In San Francisco yesterday, Microsoft Corp. officially launched Pocket PC 2002 – the second version of its operating system for handheld devices.
According to Microsoft, Pocket PC 2002 – which is likely to ship on the newest handhelds from Hewlett-Packard Co. (HP), Compaq Computer Corp., Casio Inc. and Toshiba Corp. – includes a number of improvements demanded by its business users. These enhancements include handwriting recognition, the ability to share information with Palm Inc.’s competing OS, and support for virtual private networks.
Release of a new OS aside, the past 12 months have been a breakthrough year for Pocket PC, said Albert Daoust, analyst for handheld devices with Evans Research Corp. in Toronto.
“This is a market that had been stagnant (selling 20,000 devices per year) for four years up until 1999 and boom – in the year 2000, in Canada, they sold 30,000 units, and now they are on track for 80,000-plus Pocket PC units in 2001,” Daoust said.
Although these are impressive numbers for the Pocket PC devices, Daoust said it is important to remember that Palm is still selling ten times as many handhelds.
“[The Pocket PC] will never ever catch the Palm in terms of real volume because it is just not a consumer gadget. The Pocket PC represents a fundamentally different need, it’s stripped down, but it is a real computer in your pocket that can run the same applications, more or less, as a (desktop) PC,” he said.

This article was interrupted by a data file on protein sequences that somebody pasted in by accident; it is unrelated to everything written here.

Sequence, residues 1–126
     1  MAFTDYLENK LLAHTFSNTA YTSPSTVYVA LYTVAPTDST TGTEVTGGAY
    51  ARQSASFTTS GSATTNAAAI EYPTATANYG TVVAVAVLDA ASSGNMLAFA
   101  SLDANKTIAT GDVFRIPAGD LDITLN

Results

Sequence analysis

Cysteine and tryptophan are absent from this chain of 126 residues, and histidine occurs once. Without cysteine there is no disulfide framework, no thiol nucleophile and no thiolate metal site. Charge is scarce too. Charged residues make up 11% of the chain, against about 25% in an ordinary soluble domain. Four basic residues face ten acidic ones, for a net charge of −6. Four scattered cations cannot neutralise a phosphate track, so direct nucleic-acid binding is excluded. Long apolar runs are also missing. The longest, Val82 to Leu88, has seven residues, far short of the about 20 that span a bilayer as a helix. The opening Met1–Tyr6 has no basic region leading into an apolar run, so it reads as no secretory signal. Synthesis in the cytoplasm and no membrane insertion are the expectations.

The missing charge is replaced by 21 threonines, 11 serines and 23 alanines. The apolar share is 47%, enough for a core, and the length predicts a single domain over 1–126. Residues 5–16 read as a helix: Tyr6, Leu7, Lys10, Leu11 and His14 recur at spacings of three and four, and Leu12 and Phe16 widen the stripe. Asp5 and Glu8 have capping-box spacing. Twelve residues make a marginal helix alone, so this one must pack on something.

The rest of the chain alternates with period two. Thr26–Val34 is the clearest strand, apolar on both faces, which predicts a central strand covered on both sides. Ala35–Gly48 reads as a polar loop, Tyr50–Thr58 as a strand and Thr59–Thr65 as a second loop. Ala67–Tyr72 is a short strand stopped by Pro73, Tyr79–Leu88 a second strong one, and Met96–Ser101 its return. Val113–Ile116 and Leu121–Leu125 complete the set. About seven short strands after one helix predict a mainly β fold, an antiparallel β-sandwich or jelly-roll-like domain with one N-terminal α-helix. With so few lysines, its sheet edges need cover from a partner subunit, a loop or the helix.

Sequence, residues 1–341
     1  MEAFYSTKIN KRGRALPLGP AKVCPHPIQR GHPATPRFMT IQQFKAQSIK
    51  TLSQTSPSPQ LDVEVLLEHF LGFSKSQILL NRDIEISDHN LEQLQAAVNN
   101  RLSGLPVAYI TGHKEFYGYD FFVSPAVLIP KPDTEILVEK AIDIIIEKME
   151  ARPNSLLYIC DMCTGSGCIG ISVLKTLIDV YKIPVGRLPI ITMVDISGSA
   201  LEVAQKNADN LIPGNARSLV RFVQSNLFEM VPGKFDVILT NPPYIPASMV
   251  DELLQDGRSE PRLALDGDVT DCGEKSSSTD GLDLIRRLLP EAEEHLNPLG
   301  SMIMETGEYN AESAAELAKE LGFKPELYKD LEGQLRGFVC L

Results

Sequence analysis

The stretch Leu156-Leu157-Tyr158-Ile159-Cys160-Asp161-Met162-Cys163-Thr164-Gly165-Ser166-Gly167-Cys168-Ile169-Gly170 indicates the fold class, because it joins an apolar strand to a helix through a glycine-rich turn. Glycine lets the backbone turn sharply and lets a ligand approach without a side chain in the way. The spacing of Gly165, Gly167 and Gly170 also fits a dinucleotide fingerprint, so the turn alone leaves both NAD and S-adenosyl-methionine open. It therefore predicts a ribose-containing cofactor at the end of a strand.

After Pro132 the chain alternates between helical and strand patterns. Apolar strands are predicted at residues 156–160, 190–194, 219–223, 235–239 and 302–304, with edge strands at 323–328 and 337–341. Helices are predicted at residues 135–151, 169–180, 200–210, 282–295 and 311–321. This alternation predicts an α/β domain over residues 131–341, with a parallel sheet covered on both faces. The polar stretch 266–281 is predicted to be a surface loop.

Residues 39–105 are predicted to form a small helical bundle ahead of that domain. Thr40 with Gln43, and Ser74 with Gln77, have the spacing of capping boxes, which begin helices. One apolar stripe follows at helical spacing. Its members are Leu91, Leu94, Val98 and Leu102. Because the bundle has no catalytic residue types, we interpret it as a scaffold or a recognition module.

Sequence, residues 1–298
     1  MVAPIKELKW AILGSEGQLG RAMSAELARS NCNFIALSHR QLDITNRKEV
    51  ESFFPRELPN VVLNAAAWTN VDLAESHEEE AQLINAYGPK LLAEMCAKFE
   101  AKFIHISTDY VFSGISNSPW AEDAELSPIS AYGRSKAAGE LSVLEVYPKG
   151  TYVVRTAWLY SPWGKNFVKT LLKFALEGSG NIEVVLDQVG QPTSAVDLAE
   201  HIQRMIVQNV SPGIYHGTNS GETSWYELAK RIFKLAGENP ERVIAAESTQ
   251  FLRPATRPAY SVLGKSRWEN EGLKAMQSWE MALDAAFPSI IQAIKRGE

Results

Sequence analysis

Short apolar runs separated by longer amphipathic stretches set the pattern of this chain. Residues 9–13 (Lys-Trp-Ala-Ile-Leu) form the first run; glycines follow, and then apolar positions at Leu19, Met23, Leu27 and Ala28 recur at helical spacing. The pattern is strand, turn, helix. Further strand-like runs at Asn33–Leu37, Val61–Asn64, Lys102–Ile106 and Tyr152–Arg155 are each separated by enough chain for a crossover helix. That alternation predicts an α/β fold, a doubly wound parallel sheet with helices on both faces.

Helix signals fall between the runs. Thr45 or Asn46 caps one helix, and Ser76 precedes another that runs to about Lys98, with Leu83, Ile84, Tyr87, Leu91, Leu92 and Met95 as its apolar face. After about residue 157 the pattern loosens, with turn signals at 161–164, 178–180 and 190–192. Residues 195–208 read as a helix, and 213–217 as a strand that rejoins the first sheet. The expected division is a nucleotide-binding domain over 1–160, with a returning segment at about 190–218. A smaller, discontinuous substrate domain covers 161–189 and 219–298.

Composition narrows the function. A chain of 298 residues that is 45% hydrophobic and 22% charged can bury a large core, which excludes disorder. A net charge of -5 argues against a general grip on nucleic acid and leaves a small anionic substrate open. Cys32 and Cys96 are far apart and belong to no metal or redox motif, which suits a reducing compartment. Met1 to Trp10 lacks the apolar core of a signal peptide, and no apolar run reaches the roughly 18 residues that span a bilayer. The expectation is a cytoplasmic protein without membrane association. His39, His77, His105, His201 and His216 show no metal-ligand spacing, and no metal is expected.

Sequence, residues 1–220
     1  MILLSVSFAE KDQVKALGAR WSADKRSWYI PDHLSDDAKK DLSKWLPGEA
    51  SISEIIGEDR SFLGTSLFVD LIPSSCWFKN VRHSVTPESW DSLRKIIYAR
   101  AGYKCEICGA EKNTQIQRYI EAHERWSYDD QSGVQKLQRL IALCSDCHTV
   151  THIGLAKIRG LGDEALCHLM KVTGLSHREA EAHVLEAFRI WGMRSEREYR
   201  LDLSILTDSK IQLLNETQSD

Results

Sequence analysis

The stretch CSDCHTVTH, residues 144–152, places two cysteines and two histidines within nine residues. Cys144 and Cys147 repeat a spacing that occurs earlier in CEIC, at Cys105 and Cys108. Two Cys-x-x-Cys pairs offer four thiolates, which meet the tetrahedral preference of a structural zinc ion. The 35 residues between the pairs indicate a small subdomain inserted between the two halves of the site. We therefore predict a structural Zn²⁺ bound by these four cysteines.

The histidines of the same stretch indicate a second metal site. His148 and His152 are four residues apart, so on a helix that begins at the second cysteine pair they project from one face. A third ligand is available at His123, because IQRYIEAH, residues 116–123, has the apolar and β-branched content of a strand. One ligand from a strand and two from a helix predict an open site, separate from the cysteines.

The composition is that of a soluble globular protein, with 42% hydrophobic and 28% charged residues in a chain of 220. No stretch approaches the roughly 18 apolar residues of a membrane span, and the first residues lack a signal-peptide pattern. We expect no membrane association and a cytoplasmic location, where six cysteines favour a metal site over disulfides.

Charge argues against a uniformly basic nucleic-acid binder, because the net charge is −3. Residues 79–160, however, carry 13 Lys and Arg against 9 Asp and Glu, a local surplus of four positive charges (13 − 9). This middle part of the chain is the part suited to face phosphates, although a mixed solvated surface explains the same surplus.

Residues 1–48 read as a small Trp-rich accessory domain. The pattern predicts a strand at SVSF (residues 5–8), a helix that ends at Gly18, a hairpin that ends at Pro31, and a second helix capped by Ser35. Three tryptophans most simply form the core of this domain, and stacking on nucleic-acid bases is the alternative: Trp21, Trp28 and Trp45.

Vancouver-based Veratium Software Ltd. recently released a Pocket PC 2002-enabled version of its MOTIVUS Enterprise Server, a communications protocol that enables secure access to files, folders and e-mails that reside on desktop computers or corporate networks.
According to Phil Calvin, Veratium’s president and CEO, the Pocket PC 2002’s enhanced enterprise features and the number of vendors commited to it make it a very promising platform.
“Some of the things (Microsoft) has done to make its environment more network-friendly, like the addition of VPN support, actually make a lot of sense from our viewpoint. It actually allows a simpler deployment more in line with the security requirements of most enterprises,” he said.
The only problem that Daoust sees for the Pocket PC category is the upcoming merger between HP and Compaq.
Both of these companies have suddenly taken off in the Pocket PC market, and the possibility that one of these two dominant brands could disappear may cause some uncertainty,” he said.
Merger mania aside, Daoust said that over the next five years Pocket PC sales should grow from 30 to 50 per cent annually, and added that it is good for the market to know that Microsoft is investing money in the platform.
“This is a product category with great momentum. Any new additions and upgrades are very important – they send a tremendous message out to the development community that Microsoft is going forward with this product category. Every week there is a new technology out and it’s fundamentally important for Microsoft to say ‘Hi – we’re still here, we’re moving it forward in a timely basis.'”
Evans Research is at http://www.evansresearch.com/
Veratium is at http://www.veratium.com/